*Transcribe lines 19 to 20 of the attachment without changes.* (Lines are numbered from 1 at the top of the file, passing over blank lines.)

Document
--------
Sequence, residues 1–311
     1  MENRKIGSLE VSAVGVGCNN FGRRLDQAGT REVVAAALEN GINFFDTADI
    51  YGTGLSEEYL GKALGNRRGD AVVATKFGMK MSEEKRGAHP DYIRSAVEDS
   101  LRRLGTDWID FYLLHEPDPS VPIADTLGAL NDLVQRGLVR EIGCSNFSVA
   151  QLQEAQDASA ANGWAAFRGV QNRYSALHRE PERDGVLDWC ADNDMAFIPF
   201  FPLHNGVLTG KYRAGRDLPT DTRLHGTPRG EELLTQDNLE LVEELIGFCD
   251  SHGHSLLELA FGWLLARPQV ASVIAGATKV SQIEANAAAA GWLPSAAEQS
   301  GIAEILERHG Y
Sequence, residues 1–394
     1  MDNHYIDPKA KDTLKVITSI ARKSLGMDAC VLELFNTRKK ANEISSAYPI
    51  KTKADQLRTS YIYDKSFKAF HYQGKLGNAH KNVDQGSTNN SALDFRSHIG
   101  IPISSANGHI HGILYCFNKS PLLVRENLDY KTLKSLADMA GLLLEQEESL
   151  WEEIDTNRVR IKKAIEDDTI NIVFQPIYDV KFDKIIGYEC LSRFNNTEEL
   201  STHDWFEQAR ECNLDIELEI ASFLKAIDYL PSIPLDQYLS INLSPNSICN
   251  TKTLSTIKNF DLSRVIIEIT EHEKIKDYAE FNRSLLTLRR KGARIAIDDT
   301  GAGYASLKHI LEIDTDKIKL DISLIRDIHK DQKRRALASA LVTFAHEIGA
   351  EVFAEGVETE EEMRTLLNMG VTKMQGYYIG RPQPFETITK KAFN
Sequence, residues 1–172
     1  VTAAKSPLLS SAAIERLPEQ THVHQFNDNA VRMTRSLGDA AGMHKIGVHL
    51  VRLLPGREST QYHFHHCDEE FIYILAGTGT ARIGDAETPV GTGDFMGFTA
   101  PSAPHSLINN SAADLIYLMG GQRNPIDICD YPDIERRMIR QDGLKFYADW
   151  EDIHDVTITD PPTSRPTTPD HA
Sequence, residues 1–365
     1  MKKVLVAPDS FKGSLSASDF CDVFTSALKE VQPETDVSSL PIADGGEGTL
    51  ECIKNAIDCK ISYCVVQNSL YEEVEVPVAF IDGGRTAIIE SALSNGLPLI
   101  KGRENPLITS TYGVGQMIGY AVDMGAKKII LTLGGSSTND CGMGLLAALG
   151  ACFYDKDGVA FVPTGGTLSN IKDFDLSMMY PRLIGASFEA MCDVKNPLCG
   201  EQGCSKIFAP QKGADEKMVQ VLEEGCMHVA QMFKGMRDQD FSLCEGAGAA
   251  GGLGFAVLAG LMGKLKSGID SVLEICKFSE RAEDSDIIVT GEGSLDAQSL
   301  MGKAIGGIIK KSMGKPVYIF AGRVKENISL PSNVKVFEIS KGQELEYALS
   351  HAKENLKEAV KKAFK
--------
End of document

     1  VTAAKSPLLS SAAIERLPEQ THVHQFNDNA VRMTRSLGDA AGMHKIGVHL
    51  VRLLPGREST QYHFHHCDEE FIYILAGTGT ARIGDAETPV GTGDFMGFTA